DIY Homemade Target Stand


In my opinion, having a firearm for personal or home defense is a good idea.  I understand that not everyone feels the same way and I agree that a firearm isn’t for everyone.   But if you’re going to have one, it’s definitely a good idea to train with it.  In fact, I feel proper training is as important (if not more important) as having ammo.

That being said, if you’re going to shoot, you’re going to need targets.  And while paper targets will do the job, nothing during training is more satisfying than hearing the “gong” from hitting steel targets.

But before you can start putting steel on steel, you’re going to need a couple of things.  First you’re going to need AR500 steel targets and second, you’re going to need a way to hang the targets.  Here’s how I built my target stand to support two 10″ AR500 steel targets.

DIY Homemade AR500 Steel Target Stand

I recently purchased 6 – 10″ AR500 steel targets from an eBay vendor Target_Zone.  I chose to purchase from this vendor for several reasons, but the most important one was the hanging tabs.  These targets appeared to have the sturdiest tabs and in the correct position for how I planned on hanging it, but more on the targets in my AR500 Steel Target Review.  For now, back to the DIY target stand.

Unpainted vs painted.  White makes it easier to see your hits.

AR500 Steel Targets ready for hanging

Since I’m normally don’t shoot at an established range, I needed to build a stand to hang these targets from.   If I had the means to do so, I would have like to make the stand out of steel, but seeings how I don’t know how to weld, I went with wood.  After throwing around a couple of ideas, I decided to keep it as simple as possible with this easy to build, easy to transport stand design.  Here’s the list of materials used to build this target stand:

  • 4 – 4′ long 2 x 4′s
  • 1 – 4′ 9″ long 2 x 4
  • 4 – 14″ lengths of 1/4″ chain
  • 4 – 5/16″ x 1 1/4″ bolts, nuts, washers
  • 4 – 1/4″ screw-in hooks
  • 2 – 3/8″ x 4 1/2″ lag bolts
  • 2 – 3/8″ nuts
  • 4 – 3/8″ washers
Target stand material list:  lumber

Target stand material list: lumber

Target stand material list:  hardware

Target stand material list: hardware


Step 1:  mark the 4 – 4′ long 2 x 4′s three inches down and center on one end.  Drill a 3/8″ hole all the way through, one hole per 2 x 4.  This hole will serve as the pivot point for the stand legs.

Step 1:  drill 3/8" holes for target stand legs

Step 1: drill 3/8″ holes for target stand legs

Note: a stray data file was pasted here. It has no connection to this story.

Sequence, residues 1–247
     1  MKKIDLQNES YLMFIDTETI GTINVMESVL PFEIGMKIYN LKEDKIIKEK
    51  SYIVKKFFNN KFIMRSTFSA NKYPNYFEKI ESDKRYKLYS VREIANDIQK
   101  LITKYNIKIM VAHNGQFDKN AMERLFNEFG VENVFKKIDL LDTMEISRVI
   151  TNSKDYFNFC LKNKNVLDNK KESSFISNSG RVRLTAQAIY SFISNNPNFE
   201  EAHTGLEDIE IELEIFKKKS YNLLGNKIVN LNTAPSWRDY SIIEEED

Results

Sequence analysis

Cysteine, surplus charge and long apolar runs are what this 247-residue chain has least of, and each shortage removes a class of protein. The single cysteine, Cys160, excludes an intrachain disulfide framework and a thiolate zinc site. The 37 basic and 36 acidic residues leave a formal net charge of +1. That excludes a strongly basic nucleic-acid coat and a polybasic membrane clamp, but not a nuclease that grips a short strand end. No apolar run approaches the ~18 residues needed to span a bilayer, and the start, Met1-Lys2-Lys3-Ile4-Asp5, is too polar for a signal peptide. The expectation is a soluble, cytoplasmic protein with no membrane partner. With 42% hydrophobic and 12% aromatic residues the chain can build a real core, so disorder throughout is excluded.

Step 2:  put two of the 4′ long 2 x 4′s together and secure with the 3/8″ lag bolts.  Be sure to put the washers in place.

Step 2:  secure the stand legs with the 3/8" lag bolts

Step 2: secure the stand legs with the 3/8″ lag bolts

Step 2:  stand legs secured with lag bolts, washers, and nut

Step 2: stand legs secured with lag bolts, washers, and nut


Step 3:  lay the two sets of legs flat on the ground.  Take your 4′ 9″ long 2 x 4 and lay it across the top of the inner leg.  This will serve as the cross bar from which your targets will hang.  Screw into place.

Step 3:  cross bar is secured to the inside legs

Step 3: cross bar is secured to the inside legs


Step 4:  target assembly.  Insert a 5/16″ bolt through the target hang tab, followed by the chain, washer, then the nut.  Tighten the assembly and repeat for the other 3 remaining tabs.

Step 4:  target assembly

Step 4: target assembly

Step 4:  tighten the assembly with the chain inline with the hang tab

Step 4: tighten the assembly with the chain inline with the hang tab

Step 4:  rear view of target

Step 4: rear view of target


Step 5:  installing the target hanger hooks.  On the cross bar, drill two sets of 1/4″ holes (4 holes total) spaced evenly across the cross bar.  Then screw the hanger hooks in place, opening towards the top.   I gave mine 16″ of space between the chains of the same target.

Step 5:  drill guide holes for the hanger hooks

Step 5: drill guide holes for the hanger hooks

Step 5:  hanger hooks to be used to hold the targets up

Step 5: hanger hooks to be used to hold the targets up


This is how the finished product will look.  The 10″ AR500 steel plates hang down from the chains.  When a round impacts the target, it will swing on the chains and lessen the impact delivered on the stand itself.  For easy transport, the legs will fold flat and the total target stand dimension is 48″H x 4.5″W x 60″L when folded down.  I used this particular dimension so that it will fit perfectly in the bed of my short bed truck.

Step 5:  space your hooks so that the targets hang evenly across

Space your hooks so that the targets hang evenly across

Here's a side view

Here’s a side view


In order for the target stand to fit flat in the bed of my short bed truck, I had to make the legs 4′ high.  With the stand set up and legs extended, the center mass to the targets came down to 32″ as seen in the picture below.   If the height is too low, you can always move it up by hooking the chain alittle higher up.

Height to center mass - 32"


This target stand is easy to build and very cost effective.  Two days after I built this target stand, I took it out to my friend’s property to test it out.  Stay tuned for the followup review of the AR500 targets and the DIY steel target stand.  Thanks and have fun out there!